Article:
Art Moore entered the media world as a public relations assistant for the Seattle Mariners and a correspondent covering pro and college sports for Associated Press Radio. He reported for a Chicago-area daily newspaper and was senior news writer for Christianity Today magazine and an editor for Worldwide Newsroom before joining WND shortly after 9/11. He earned a master's degree in communications from Wheaton College.More ↓Less ↑
Amazon.com continues to claim First Amendment grounds for its sale and promotion of a book advocating adult-child sex but has removed an e-mail link to a self-proclaimed pedophile amid mounting pressure organized by a non-profit legal action group in California.
The USJF has given Amazon 30 days to remove the book from its site or face “protracted litigation.”
Meanwhile, a search by WorldNetDaily of other pedophile-related books sold by the Seattle-based Internet retailer turned up a title apparently published by the North American Man-Boy Love Association called “Loving Boys.”
In another development, the USJF has filed a criminal complaint against Amazon.com with the Seattle Police Department. Also, in one of many boycotts undertaken by groups and private citizens, a publisher has canceled its arrangement with the bookseller.
After WND broke the story last week, Philadelphia’s NBC TV affiliate took a camera to the post office box of Riegel’s locally-based publisher SafeHaven Press and informed the mail clerk of the company’s distribution of pro-pedophile books, according to USJF litigation counsel Richard Ackerman. The clerk expressed disbelief and opened the mailbox, discovering that the only item in the box was a check to SafeHaven from Amazon.com.
Amazon.com has issued a statement emphasizing that it does not endorse “Understanding Boys and Boylovers,” but insists that “people have the right to choose their own reading material.”
The bookseller says, “Our goal is to support freedom of expression and to provide customers with the broadest selection possible so they can find, discover, and buy any title they might be seeking.”
Ackerman says Amazon can be prosecuted for unethical behavior under California’s unfair business practice laws.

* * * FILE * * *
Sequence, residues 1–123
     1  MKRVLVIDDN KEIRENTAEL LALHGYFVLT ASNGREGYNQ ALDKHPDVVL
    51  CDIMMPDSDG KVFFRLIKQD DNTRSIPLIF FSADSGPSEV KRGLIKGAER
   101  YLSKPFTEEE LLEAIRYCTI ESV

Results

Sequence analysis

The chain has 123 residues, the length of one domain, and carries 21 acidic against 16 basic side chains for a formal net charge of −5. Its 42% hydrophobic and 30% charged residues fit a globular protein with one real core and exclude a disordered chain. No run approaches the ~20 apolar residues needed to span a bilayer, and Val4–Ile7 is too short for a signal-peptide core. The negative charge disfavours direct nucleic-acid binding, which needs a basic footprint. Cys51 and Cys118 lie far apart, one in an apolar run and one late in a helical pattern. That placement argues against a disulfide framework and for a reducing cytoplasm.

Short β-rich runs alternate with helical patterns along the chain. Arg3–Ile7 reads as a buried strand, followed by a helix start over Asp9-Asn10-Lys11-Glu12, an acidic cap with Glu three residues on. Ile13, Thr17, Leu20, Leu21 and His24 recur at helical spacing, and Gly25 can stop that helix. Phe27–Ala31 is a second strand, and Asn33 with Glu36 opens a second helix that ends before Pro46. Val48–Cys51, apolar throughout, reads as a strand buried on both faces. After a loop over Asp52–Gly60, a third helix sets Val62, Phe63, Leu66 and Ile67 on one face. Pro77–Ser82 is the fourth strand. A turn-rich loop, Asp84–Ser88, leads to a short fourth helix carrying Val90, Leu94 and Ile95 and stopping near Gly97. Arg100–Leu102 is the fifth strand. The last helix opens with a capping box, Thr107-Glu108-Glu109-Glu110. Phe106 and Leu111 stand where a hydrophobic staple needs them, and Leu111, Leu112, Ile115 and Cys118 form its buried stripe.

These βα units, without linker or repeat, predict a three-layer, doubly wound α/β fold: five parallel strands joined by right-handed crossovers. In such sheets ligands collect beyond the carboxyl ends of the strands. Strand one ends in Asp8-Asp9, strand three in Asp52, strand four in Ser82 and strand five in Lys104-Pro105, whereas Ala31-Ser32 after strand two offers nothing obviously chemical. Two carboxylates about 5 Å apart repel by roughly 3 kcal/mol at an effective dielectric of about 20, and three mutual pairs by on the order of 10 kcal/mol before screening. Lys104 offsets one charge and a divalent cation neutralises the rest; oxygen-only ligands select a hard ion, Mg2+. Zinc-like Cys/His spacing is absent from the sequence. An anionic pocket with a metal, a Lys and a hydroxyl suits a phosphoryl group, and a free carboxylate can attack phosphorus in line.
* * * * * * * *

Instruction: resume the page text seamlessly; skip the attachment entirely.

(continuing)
“I was honestly hoping, against all reason, that they would do the right thing and simply take this off their site,” Ackerman told WND. “And so I guess what’s going to have to happen from here on out is that we’ll go to every possible source. If I have to go to [Attorney General John] Ashcroft, I will.”
Seattle police Sgt. Brian Johnson, who oversees the department’s Internet Crimes Against Children Task Force, said he has not been informed of Ackerman’s complaint.
He promised to research the issue with his legal department, but said that so far every one of his previous investigations has entailed actual images of child pornography.
“There is not much we have done with written words,” Johnson told WND. “There is so much of the other stuff out there.”
Regarding a case such as Amazon’s, “a lot of it depends on the city, whether it’s something they would want to pursue,” he said. “My personal thought is, probably not.”
In a letter faxed to Amazon CEO Jeffrey Bezos Sept. 25, Ackerman pointed out that beneath a description of the book was a customer review that linked to the e-mail address of a man who described himself as a pedophile. The reviewer said he found Riegel’s book “to be enlightening in my quest to truly come to terms with my own sexuality.”
Since then, the link to the e-mail address – which began with “minrfiend” – has been removed, though the review remains.
Ackerman said he was unaware of this development.
“I wish they would have told me that,” he said of Amazon. “I’ve gotten no response from them, none.”
“It’s very saddening,” he continued, “because they’ve hidden behind the First Amendment to justify what they are doing and yet they don’t have the moral courage to actually respond to us.”
Ackerman noted that Amazon declined an offer to join him in his appearance on the Fox News program “The O’Reilly Factor” last Friday.
WND’s call to an Amazon spokesperson yesterday was not returned.
NAMBLA on Amazon
The book, according to Amazon, published by the North American Man-Boy Love Association was written by the late Edward Brongersma, a member of the Dutch Senate who went to prison for sexual contact with an under-aged boy. Later, Brongersma returned to public office and helped repeal the Netherlands’ age of consent law.
For many years, he was on the editorial board of Paidika: The Journal of Paedophilia, the Dutch-based advocate of adult-child sex.